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Thursday, November 20, 2003

Remember When...

War Sunny Side Up

(This is something I’ve written and amended since April 4th. This, of course, was during “major combat operations”. As for those of you who criticized me for my unpatriotic skepticism at the time, I will graciously accept your mea culpas.) If you trust any statement made by an “unnamed Administration Official” or any spokesperson for the U.S. Military without confirmation from an independent media source, you’ll be played for a chump until Bush is booted out of office).

Perhaps the most poignant, touching episode reported by the media as of yet was the rescue of Private Jessica Lynch. On Tuesday, April 1st, 2003 Brigadier Gen. Vincent Brooks tersely informed the world she had been rescued and returned to a coalition-controlled area. In the next few days, and incredible tale began to unfold. All but the most jaded and cynical, it seems, had discovered the human face of the war in the visage of Jessica Lynch and that of her Iraqi accomplice. A careful look back at the tale as it unfolded says a lot about the way the media covers the war, just as our response tells a great deal about us.

Let’s take a step back and look at when Jessica’s name first appeared in the press…

Immediately after the announcement on Tuesday evening, the celebration began in Palestine, West Virginia, Jessica’s ironically-named hometown. While the press covered the jubilant town’s response to the good news, they were also quick to point out the role of the CIA in providing information crucial to the rescue.

“The CIA, which has played a significant role in finding targets for the military and has liaisons in every major military command involved in the war in Iraq, identified Lynch's location and fed the geographical coordinates to U.S. Central Command, a U.S. official said. That allowed the Special Operations rescue team -- which is on 24-hour standby in a nearby Persian Gulf country -- "to swoop down quickly" and rescue her, the official said”.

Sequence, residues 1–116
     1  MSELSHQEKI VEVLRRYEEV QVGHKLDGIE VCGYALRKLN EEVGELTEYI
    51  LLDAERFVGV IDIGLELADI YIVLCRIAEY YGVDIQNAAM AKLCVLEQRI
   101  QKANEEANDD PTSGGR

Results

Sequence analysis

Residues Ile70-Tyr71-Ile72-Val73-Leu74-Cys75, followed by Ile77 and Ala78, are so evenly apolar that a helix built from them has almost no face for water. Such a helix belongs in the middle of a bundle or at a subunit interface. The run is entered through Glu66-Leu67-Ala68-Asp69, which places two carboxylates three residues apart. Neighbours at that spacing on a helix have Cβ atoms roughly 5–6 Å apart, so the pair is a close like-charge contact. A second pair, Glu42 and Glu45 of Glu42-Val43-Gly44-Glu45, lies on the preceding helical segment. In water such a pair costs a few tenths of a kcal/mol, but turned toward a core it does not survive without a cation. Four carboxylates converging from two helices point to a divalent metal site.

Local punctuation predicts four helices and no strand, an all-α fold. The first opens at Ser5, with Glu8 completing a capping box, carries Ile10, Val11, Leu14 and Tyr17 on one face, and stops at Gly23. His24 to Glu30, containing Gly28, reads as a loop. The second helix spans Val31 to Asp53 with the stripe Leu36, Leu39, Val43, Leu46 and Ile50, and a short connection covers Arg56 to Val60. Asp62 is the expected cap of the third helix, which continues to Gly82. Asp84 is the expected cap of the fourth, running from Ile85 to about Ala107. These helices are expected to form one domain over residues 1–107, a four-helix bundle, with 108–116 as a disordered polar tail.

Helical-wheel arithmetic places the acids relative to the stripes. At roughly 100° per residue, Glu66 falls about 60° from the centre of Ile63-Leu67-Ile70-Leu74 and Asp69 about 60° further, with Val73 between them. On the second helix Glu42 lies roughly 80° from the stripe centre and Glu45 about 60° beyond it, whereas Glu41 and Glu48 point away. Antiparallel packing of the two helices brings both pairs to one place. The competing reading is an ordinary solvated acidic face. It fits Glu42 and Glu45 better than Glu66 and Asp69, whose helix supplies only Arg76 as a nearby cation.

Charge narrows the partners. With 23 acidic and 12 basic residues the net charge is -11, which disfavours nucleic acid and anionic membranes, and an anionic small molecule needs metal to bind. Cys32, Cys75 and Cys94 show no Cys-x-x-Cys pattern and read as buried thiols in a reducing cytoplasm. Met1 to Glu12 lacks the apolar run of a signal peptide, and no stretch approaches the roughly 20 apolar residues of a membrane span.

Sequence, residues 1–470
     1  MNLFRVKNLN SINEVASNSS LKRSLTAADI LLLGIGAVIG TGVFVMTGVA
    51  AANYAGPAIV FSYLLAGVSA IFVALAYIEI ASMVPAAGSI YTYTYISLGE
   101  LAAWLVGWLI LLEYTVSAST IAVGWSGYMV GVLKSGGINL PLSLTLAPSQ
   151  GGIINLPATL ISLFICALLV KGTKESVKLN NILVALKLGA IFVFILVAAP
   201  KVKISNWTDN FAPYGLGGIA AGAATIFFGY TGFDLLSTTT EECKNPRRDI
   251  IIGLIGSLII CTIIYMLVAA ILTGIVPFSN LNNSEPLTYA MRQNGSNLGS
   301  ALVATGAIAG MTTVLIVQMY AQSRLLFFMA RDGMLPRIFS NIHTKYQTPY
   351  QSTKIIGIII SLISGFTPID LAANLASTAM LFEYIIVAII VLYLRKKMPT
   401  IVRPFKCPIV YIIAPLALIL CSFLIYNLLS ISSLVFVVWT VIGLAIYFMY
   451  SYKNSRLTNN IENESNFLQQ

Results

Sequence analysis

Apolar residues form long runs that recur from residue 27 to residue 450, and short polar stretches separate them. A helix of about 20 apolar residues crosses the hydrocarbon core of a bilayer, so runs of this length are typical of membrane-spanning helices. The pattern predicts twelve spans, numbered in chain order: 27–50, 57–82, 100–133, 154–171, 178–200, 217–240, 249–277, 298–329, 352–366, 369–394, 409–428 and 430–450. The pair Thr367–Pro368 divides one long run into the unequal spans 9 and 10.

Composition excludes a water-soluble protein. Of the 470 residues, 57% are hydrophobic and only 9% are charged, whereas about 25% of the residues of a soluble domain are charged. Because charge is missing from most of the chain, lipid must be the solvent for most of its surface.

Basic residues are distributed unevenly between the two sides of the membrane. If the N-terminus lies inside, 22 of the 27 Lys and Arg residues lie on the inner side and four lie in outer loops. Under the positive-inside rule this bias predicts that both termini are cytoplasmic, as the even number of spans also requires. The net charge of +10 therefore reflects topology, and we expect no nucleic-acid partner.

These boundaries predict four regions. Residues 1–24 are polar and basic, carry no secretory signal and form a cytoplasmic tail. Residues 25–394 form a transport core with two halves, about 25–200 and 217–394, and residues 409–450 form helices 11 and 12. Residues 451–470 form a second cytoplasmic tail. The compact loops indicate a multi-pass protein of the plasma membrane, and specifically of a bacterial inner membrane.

Although this article was primarily about the reaction of Palestine to the rescue of a favorite daughter, there were dark undertones. The article also briefly mentioned that 10 bodies were also recovered from the hospital, and some were most likely American.

By Thursday, the Washington Post’s Peter Baker, in time for NBC’s Thursday night lineup, succeeded in sweeping the bodies under the rug, and his front-page story contained absolutely no mention of any soldier other than Private Lynch. He does, however, introduce another character into the drama, a 32 year-old Iraqi lawyer referred to only by his first name, who, despite placing himself and his family in great danger, provided U.S. soldiers with the information necessary to retrieve Private Lynch. His motivation: pity. His guiding philosophy: we’re all part of the human family. As he explained to Mr. Baker, “"A person is a human being regardless of nationality…"Believe me, I love Americans."”

As the story goes, Mohammed was in the hospital visiting his wife. While he was there, he heard of the American prisoner, and convinced a doctor to let him see her. The Post article reads:

Inside the room with her was an imposing Iraqi man, clad all in black.
Mohammed watched as the man slapped the American woman with his open palm,then again with the back of his hand. In that instant, Mohammed recalled today, he resolved to do something. After the man in black left, Mohammed sneaked in to see the young woman.
"Don't worry, don't worry," he told her. He was going for help.

And help he did. According to the news account, He risked his life obtaining the information that enabled the rescue: As he skulked around, he counted the number of Fedayeen at the hospital,
until he came to 41. He noted that four guards in civilian clothes stood watch at Lynch's first-floor room armed with Kalashnikov assault rifles and radios. He traced routes through the building that commandos could use.

Mohommed, apparently, is a very sensitive, observant, and wily man.
After all, it would take quite a bit of effort to bypass the 4 Fedayeen posted outside the room, the 41 tromping around in the hospital, and the man in black slapping the prostrate Private Lynch. Is it just me, or is anyone else’s bulls**t detector ringing like crazy?

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